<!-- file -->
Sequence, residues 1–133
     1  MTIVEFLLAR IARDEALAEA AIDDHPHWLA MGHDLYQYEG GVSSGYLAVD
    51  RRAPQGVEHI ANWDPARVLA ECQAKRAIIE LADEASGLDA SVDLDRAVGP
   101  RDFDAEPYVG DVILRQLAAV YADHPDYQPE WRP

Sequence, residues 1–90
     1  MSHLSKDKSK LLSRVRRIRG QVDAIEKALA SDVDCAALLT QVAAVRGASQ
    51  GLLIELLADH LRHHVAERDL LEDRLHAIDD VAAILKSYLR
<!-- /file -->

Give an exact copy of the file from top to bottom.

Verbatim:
Sequence, residues 1–133
     1  MTIVEFLLAR IARDEALAEA AIDDHPHWLA MGHDLYQYEG GVSSGYLAVD
    51  RRAPQGVEHI ANWDPARVLA ECQAKRAIIE LADEASGLDA SVDLDRAVGP
   101  RDFDAEPYVG DVILRQLAAV YADHPDYQPE WRP

Sequence, residues 1–90
     1  MSHLSKDKSK LLSRVRRIRG QVDAIEKALA SDVDCAALLT QVAAVRGASQ
    51  GLLIELLADH LRHHVAERDL LEDRLHAIDD VAAILKSYLR